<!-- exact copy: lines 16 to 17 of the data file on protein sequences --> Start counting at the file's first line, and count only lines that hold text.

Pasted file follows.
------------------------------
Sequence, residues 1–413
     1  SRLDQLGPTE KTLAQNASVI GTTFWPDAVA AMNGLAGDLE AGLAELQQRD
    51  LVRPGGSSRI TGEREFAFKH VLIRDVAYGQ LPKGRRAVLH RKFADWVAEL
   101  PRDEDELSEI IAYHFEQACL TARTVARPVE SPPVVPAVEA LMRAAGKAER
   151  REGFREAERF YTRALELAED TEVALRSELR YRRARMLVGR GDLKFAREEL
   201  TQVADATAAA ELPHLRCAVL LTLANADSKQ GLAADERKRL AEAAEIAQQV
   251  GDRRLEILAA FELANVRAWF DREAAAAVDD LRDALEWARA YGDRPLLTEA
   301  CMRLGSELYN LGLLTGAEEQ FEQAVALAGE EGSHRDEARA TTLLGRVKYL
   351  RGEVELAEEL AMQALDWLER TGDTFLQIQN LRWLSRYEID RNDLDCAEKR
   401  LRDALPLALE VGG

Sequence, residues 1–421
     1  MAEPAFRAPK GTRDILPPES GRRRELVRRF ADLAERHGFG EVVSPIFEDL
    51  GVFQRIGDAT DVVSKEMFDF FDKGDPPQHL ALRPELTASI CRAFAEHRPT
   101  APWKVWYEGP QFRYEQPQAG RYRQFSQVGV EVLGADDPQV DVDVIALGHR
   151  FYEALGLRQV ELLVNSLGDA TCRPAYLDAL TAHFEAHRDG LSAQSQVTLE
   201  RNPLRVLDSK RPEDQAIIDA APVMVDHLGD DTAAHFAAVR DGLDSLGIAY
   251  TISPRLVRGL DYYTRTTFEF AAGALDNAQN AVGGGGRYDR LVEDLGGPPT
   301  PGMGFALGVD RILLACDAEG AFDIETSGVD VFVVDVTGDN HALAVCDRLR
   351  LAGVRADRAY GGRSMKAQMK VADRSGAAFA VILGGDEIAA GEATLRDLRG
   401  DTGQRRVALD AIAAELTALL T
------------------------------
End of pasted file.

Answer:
   201  RNPLRVLDSK RPEDQAIIDA APVMVDHLGD DTAAHFAAVR DGLDSLGIAY
   251  TISPRLVRGL DYYTRTTFEF AAGALDNAQN AVGGGGRYDR LVEDLGGPPT